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The amount of cores inside central processing units (CPUs) is projected to skyrocket in the coming years, according to analysts, which will enable unprecedented performance potential. However, to take advantage of that potential software makers need to have skills that many do not own right now.

“Expect x86 servers with as many as 64 processor cores in 2009 and desktops with that many by 2012,” analysts from Forrester Research wrote in a paper last month.

While the era of multi-core computing is here, application development teams must embrace new programming approaches to reap the full performance and economic benefits of the new hardware. The new “multi-core programming” approach will combine multithreading and parallel/concurrent designs that allow simultaneous processing of threads and/or tasks by multiple cores. Concurrent computing is familiar to some app development professionals, but most have little or no experience with parallel computing, believe analysts of Forrester Research as well as specialists from Microsoft Corp.

“There is a worldwide shortage of people experienced in parallel computing experience, for sure. One of the collateral reasons is to raise awareness in the academic community, because that’s where the next generation of developers will come from,” said Dan Reed, director of scalable and multi-core computing at Microsoft.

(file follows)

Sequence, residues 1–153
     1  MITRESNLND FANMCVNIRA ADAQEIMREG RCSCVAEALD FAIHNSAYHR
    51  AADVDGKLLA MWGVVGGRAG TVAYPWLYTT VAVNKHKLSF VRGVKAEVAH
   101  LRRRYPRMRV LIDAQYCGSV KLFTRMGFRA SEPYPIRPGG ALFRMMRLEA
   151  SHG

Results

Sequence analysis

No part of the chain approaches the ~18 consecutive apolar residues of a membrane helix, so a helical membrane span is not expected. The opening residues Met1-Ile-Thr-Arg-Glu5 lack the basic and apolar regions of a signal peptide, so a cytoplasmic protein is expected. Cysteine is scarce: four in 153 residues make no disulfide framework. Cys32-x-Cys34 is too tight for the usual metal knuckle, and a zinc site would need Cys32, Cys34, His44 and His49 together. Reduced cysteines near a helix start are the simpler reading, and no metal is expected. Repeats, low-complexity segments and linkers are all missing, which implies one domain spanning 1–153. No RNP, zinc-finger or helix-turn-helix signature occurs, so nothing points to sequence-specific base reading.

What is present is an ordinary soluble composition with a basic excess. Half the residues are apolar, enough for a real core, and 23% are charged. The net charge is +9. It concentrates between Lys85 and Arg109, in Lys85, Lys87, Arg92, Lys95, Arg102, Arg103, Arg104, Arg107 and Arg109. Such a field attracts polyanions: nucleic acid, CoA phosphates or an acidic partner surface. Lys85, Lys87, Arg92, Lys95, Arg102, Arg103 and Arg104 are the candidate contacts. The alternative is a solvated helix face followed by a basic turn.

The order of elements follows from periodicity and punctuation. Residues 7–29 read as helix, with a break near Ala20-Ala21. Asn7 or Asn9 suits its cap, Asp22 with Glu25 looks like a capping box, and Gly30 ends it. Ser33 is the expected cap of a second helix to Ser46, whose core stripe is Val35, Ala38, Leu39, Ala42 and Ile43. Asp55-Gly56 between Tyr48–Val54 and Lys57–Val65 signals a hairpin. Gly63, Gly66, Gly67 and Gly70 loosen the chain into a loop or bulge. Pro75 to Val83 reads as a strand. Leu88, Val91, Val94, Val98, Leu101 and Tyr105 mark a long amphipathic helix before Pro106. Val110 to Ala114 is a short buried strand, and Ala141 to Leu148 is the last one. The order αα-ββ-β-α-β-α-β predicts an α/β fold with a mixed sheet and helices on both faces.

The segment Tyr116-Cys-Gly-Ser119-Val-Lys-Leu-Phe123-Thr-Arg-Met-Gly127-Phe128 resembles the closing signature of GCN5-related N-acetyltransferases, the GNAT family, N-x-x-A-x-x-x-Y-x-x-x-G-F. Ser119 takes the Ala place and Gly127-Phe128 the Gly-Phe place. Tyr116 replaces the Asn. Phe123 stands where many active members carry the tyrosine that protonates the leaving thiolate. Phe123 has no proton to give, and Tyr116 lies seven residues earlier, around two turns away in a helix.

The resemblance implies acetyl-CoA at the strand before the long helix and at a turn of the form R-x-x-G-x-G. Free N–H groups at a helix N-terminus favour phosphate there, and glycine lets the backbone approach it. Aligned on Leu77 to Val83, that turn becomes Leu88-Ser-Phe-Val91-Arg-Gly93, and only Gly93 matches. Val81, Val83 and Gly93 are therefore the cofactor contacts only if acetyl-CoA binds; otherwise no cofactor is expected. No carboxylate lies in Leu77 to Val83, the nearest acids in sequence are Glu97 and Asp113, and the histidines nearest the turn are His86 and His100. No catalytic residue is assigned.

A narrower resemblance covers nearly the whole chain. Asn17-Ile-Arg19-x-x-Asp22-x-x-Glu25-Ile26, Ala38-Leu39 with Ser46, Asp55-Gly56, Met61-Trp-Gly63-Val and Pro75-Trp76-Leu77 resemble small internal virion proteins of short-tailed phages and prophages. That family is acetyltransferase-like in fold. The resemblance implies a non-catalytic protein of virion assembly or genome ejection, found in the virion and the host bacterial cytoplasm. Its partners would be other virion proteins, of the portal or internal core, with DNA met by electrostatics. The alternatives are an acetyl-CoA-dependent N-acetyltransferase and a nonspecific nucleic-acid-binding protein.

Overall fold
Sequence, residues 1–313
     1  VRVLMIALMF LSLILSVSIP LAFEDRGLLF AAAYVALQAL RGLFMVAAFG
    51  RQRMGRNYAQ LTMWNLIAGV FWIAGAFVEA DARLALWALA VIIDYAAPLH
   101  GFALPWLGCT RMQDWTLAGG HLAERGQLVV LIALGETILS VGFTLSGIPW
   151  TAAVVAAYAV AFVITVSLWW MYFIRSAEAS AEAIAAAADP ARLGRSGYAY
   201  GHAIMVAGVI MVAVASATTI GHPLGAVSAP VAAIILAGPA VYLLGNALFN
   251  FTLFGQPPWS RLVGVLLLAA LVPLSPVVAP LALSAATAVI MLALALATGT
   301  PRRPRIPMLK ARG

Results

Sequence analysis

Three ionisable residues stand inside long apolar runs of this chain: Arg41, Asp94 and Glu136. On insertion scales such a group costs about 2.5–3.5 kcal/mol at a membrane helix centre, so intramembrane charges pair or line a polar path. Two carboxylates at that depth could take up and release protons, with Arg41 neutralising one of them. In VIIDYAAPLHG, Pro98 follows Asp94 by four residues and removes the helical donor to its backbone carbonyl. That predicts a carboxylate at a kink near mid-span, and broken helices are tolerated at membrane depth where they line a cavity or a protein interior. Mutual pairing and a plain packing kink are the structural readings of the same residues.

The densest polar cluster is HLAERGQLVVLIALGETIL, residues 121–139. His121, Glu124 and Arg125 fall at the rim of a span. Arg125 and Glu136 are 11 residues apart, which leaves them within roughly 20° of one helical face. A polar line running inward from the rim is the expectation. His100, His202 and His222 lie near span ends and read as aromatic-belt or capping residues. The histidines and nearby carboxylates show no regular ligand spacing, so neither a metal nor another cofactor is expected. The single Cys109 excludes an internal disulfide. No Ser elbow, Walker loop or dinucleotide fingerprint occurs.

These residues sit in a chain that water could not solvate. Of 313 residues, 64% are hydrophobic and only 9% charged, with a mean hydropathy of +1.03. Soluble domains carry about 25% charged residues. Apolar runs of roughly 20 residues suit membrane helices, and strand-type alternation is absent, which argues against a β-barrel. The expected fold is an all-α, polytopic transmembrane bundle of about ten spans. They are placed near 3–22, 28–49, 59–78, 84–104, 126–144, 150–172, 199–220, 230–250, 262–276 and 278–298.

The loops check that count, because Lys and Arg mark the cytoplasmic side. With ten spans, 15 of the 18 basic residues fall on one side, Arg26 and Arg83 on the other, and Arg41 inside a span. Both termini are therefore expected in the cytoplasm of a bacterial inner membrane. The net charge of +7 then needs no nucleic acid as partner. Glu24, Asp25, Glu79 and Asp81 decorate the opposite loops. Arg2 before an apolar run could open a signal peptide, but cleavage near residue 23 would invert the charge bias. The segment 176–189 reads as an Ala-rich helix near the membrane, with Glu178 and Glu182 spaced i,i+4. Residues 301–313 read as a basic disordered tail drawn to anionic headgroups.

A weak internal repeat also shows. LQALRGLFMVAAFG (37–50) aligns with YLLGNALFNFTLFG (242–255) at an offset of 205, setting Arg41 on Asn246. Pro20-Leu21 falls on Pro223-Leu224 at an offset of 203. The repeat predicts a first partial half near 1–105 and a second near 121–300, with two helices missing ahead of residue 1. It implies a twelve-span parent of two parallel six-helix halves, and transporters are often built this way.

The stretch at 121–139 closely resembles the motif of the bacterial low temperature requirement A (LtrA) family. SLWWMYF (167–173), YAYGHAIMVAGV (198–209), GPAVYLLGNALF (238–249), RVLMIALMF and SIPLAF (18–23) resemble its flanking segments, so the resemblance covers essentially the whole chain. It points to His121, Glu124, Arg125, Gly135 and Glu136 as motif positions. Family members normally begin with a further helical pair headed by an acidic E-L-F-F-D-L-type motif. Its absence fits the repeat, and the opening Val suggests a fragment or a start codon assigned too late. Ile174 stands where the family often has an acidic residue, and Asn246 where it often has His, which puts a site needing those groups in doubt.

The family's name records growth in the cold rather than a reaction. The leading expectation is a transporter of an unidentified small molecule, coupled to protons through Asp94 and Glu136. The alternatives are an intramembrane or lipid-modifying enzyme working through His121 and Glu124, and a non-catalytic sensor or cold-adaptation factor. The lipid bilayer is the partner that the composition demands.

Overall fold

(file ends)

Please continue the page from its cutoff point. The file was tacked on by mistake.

Earlier this week Intel Corp. and Microsoft kicked off a program under which they would help to create two Universal Parallel Computing Research Centers (UPCRC), aimed at accelerating developments in mainstream parallel computing, for consumers and businesses in desktop and mobile computing.

“Application development professionals will need a strategy for adopting these new approaches, frameworks, and tools as they emerge, adapting the patterns and methods they use today, and evolving their application portfolios to ride the performance curve promised by Moore’s Law in the multi-core era,” analysts from Forrester Research indicated.

Back in the days only server and workstation machines featured more than one processing engine, whereas desktops and notebooks were based on single-core CPUs. Therefore, performance of client machines was conditioned by clock-speed and micro-architecture of processors installed. Partly, this explains why there are not enough software developers experienced in parallel computing.

But this does not automatically mean that performance of next-generation microprocessors will rise exponentially along with the number of cores. Both Advanced Micro Devices and Intel Corp. announced that in several years time their CPUs will come wither integrated stream processors (AMD Fusion project) or other types of application targeted accelerators, which will bring new challenges to software developers, as then they will have to take advantage not only of homogeneous multi-core design, but of heterogeneous multi-core designs.

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